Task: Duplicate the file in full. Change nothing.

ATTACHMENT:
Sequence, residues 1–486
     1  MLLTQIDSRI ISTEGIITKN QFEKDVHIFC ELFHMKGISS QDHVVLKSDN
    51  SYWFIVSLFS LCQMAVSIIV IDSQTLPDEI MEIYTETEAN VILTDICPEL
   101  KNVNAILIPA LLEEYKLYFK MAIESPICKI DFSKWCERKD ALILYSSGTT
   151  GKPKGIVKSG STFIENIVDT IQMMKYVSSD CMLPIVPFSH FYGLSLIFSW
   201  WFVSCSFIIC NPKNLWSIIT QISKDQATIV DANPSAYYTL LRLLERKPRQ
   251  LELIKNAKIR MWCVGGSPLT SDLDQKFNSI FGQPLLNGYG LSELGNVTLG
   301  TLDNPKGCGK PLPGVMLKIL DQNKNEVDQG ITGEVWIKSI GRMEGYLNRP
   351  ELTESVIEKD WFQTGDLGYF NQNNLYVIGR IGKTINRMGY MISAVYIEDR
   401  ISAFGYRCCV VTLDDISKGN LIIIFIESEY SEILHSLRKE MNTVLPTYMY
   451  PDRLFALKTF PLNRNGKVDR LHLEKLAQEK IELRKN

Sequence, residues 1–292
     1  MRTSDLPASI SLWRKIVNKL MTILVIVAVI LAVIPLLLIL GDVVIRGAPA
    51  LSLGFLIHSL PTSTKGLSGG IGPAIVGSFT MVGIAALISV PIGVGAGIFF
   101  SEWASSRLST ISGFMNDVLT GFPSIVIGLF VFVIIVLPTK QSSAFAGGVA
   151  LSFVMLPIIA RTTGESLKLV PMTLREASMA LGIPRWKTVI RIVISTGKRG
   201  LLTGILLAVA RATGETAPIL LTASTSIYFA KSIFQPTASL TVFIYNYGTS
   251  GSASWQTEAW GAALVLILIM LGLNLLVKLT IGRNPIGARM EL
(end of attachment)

Sequence, residues 1–486
     1  MLLTQIDSRI ISTEGIITKN QFEKDVHIFC ELFHMKGISS QDHVVLKSDN
    51  SYWFIVSLFS LCQMAVSIIV IDSQTLPDEI MEIYTETEAN VILTDICPEL
   101  KNVNAILIPA LLEEYKLYFK MAIESPICKI DFSKWCERKD ALILYSSGTT
   151  GKPKGIVKSG STFIENIVDT IQMMKYVSSD CMLPIVPFSH FYGLSLIFSW
   201  WFVSCSFIIC NPKNLWSIIT QISKDQATIV DANPSAYYTL LRLLERKPRQ
   251  LELIKNAKIR MWCVGGSPLT SDLDQKFNSI FGQPLLNGYG LSELGNVTLG
   301  TLDNPKGCGK PLPGVMLKIL DQNKNEVDQG ITGEVWIKSI GRMEGYLNRP
   351  ELTESVIEKD WFQTGDLGYF NQNNLYVIGR IGKTINRMGY MISAVYIEDR
   401  ISAFGYRCCV VTLDDISKGN LIIIFIESEY SEILHSLRKE MNTVLPTYMY
   451  PDRLFALKTF PLNRNGKVDR LHLEKLAQEK IELRKN

Sequence, residues 1–292
     1  MRTSDLPASI SLWRKIVNKL MTILVIVAVI LAVIPLLLIL GDVVIRGAPA
    51  LSLGFLIHSL PTSTKGLSGG IGPAIVGSFT MVGIAALISV PIGVGAGIFF
   101  SEWASSRLST ISGFMNDVLT GFPSIVIGLF VFVIIVLPTK QSSAFAGGVA
   151  LSFVMLPIIA RTTGESLKLV PMTLREASMA LGIPRWKTVI RIVISTGKRG
   201  LLTGILLAVA RATGETAPIL LTASTSIYFA KSIFQPTASL TVFIYNYGTS
   251  GSASWQTEAW GAALVLILIM LGLNLLVKLT IGRNPIGARM EL